Pergamum Unfurled: Review – Scott Cunningham’s “Earth Power”

Pergamum Unfurled: Review – Scott Cunningham’s “Earth Power” May 8, 2021

Earth Power is one of those classic old Llewellyn books that pack my family shelves. Our copy is from the 1985 third printing, which was before the editors at Llewellyn started spelling “magic” with a “k.” It was also printed some years before author Scott Cunningham’s death in 1993 at the tender age of 36.

Scott Cunningham’s “Earth Power” is a Llewellyn classic.

As a young Pagan I was advised that one rough way to evaluate a book on these subjects is by checking the length of the bibliography. Earth Power contains a list of 40 different sources, although since the author didn’t use footnotes or another technique to cite them, it’s difficult to know how much of the material within is drawn from each, or results from synthesis or outright invention. With magic, however, the true test is in using the spells and techniques described and tracking results. While I love the idea of magical experimentation, this is just a book review. It could be several years before I draw any conclusions about the efficacy of the spells within, but the reading alone allows for inference.

Unfortunately, the chapter “Magic Spelled Out” begins with this clunker: “Magic is the use of the natural forces of nature to bring about needed changes.” Sigh. I suppose professional editors were considered largely unnecessary even back in the ’80s. That said, it’s probably the most important section of the book, because in it Cunningham laid out what needs to be going on in the practitioner’s head to make any of this stuff work.

Being that spells often manifest results indirectly — making verification more difficult, but not impossible — being clear on technique is all any of us have to hang our hats on. This is one of the reasons I’ve got a certain level of skepticism about magic itself: will even a badly-written spell work if I visualize well enough, or do no spells work because it’s all hooey? The fact that skepticism could well undermine how efficacious is spell will be just makes this stuff all the harder to judge objectively. I have two hemispheres in my brain, and visualize one of them as the skeptic and the other as the caster. Thus far it’s worked well enough for me.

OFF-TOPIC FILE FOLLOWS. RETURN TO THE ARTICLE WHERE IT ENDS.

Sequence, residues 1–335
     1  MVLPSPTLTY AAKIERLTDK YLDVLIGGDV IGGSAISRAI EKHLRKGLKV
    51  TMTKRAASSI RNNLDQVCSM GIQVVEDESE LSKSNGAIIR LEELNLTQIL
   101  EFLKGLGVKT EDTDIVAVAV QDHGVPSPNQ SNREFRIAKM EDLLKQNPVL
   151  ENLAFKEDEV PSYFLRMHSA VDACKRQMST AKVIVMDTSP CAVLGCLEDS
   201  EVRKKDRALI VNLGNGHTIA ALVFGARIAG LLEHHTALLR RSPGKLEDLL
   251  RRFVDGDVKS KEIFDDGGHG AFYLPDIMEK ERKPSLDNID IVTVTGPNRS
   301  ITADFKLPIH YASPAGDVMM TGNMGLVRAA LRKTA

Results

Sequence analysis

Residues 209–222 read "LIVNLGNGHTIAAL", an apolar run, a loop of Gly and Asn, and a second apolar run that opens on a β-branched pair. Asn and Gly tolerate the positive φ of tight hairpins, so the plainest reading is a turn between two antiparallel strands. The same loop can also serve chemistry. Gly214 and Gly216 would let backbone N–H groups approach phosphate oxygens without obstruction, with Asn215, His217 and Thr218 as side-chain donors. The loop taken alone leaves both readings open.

Later sections look at magic in terms of elemental or natural powers, which is a reasonable way to organize the volume. Had Cunningham organized by intention of the spells, surely many of his readers would have flipped from index to page without even considering technique.

There are spells in this book that I may never be able to try, like the one on page 46 to stop a cyclone. I think the author meant tornado, but it might work for both, if the knife is sharp enough. I haven’t been in the path of a hurricane in a long time, either. Unlike when I’ve opened up books like Tyson’s Rune Magic, I get the sense from the writing that Cunningham tried a lot of these; Tyson’s stuff feels to me like it was all just made up to sound cool. I can’t point to exactly what gives me that sense, but I do believe that Cunningham believed all this stuff would work. What I cannot say is how rigorous he was testing some of the more specialized spells; did he ever stand in the path of a cyclone?

Did Cunningham ever stand in the path of a cyclone? Image by ComFreak via Pixabay.

Many of these early Llewellyn books left me scratching my head when I first flipped through them, because there was a lack of academic rigor to them. It’s a shame that Cunningham can’t reissue this one with actual footnotes, and perhaps with a bit more focus on tying the magical theory to the specific spells, and explaining why, for example, “image magic often employs apples,” (p 86). At the same time, these authors from before the turn of the century laid the groundwork for more serious investigation into these practices. I may have been somewhat turned off of magic by the lack of depth in books like these, but honest introspection discloses I would have been out of my depth with more advanced works.

The magical “resources” available in 2021 are both far better and far worse than anything Cunningham produced. I imagine he was sincere, and that these spells worked for him. I am not entirely satisfied with how he presented that work, but it’s not like we’ve figured out how to consistently deliver a better product.

Thanks, Mr. Cunningham, for getting a ball rolling that we still can’t entirely move with our minds.

Title: Earth Power
Author: Scott Cunningham
Publisher: Llewellyn
ISBN: 0-87542-121-0

About Terence P Ward
Terence P Ward is a moneyworker, journalist, Hellenic polytheist and Quaker who lives in the bucolic Hudson Valley with his wife and five cats. He is a hiereus (temple priest) of Poseidon with Temenos Oikidios, based in Rhode Island. You can read more about the author here.

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